Surgical Treatment

Surgery is one of the most common treatments for skin cancer, including melanoma, basal cell carcinoma and squamous cell carcinoma. Surgical treatments use any of a number of tools to excise abnormal tissue from the skin. Skin cancer surgery works best for smaller, more localized lesions.

Simple Excision

Some skin cancer lesions can be removed with simple excision. Simple excision involves the removal of the mole or lesion, along with some surrounding skin. This small perimeter is removed because the skin around the lesion may also contain cancerous cells. If the skin cancer removal is not complete, any remaining cells can grow to form additional or recurring tumors.

Mohs Micrographic Surgery

Mohs micrographic surgery is a highly effective method of surgical skin cancer removal. Mohs surgery is most often used to remove basal cell or squamous cell carcinoma. It involves careful removal of a lesion, one layer at a time. This procedure serves a dual purpose; it ensures removal of all cancerous cells, while removing as little healthy tissue as possible. Mohs surgery also reduces the risk of scarring, and is therefore commonly used on the face.

The surgery begins with removal of a thin layer of the lesion and a small amount of surrounding skin. This tissue is then examined for cancerous cells under a microscope. Subsequent thin layers are removed from the deeper layers of the skin; these are also examined for cancer cells. The process continues until a sample is removed that contains no abnormal cells, indicating clear margins. This helps to reduce the risk of cancer recurrence.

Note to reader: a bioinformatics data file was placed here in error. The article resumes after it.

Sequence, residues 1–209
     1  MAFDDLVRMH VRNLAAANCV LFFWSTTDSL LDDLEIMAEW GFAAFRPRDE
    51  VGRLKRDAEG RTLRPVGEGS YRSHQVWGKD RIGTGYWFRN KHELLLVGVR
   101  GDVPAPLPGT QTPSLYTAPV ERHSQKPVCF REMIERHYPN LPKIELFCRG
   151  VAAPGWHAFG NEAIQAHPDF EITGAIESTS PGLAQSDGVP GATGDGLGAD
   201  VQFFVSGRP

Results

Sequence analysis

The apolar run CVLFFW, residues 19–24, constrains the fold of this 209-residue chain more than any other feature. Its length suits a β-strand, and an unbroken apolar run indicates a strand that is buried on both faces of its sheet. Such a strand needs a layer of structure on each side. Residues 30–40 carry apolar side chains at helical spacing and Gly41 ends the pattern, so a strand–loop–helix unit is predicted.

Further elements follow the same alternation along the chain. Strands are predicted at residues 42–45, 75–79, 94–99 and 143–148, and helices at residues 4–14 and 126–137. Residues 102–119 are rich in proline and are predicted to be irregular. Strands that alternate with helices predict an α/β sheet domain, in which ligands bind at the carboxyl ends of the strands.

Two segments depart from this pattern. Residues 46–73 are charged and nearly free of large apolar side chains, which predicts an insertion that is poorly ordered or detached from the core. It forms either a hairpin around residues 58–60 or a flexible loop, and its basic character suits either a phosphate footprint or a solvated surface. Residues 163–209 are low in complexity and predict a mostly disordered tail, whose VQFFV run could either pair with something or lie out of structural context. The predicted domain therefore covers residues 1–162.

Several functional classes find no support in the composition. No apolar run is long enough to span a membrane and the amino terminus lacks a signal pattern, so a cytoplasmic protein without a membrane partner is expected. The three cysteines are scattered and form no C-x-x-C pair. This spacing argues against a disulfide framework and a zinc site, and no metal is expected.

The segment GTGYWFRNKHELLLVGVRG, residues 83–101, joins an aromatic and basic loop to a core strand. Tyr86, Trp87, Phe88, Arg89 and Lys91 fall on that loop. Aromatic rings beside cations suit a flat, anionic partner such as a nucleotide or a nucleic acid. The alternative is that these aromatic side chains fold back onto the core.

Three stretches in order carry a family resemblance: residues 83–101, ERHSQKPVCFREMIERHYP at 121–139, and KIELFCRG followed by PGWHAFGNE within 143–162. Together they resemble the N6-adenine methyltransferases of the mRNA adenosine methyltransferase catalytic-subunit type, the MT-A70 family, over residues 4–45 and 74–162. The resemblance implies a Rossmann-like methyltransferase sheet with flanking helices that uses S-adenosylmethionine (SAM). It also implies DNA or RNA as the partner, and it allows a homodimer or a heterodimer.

Cryosurgery

In cryosurgery, liquid nitrogen or argon gas is used to kill skin cancer cells. These materials are applied directly to the lesion with a spray or swab. Cryosurgery is effective for early-stage squamous cell or basal cell carcinoma. It is also used for precancerous lesions, such as actinic keratosis (also called carcinoma in situ).

Electrodessication and Curettage (EDC)

EDC uses a sharp, spoon-shaped tool called a curette to remove a skin cancer lesion. This process is followed by electrodessication, in which an electric needle burns the surrounding skin to stop bleeding and kill remaining cancer cells. EDC is commonly used to remove basal cell carcinoma lesions.

Other Surgical Treatments

In dermabrasion, an instrument equipped with a rotary attachment abrades, or shaves off, the outer layers of skin. Like some other surgical methods, dermabrasion is best for early-stage or precancerous lesions that extend only through the skin’s surface layers. In laser therapy, a laser (a thin beam of light) acts like a knife to excise cancerous tissue.

Closing Surgical Incisions

Methods of closing the incision also vary depending on the amount of tissue removed, and the location of the incision. For example, lesions removed from the face may be best treated with the help of a plastic surgeon, as many small stitches can minimize scarring. When large amounts of skin must be removed, reconstruction or skin grafting may be necessary.

Resources

Fox Chase Cancer Center. (n.d.). Skin cancer treatment options (nonmelanoma). Retrieved July 11, 2010, from http://www.fccc.edu/cancer/types/skin/nonmelanoma/treatment.html

Mayo Clinic. (2009). Basal cell carcinoma. Retrieved July 11, 2010, from http://www.mayoclinic.com/health/basal-cell-carcinoma/DS00925

National Cancer Institute. (2009). What you need to know about skin cancer: treatment. Retrieved July 11, 2010, from http://www.cancer.gov/cancertopics/wyntk/skin/page9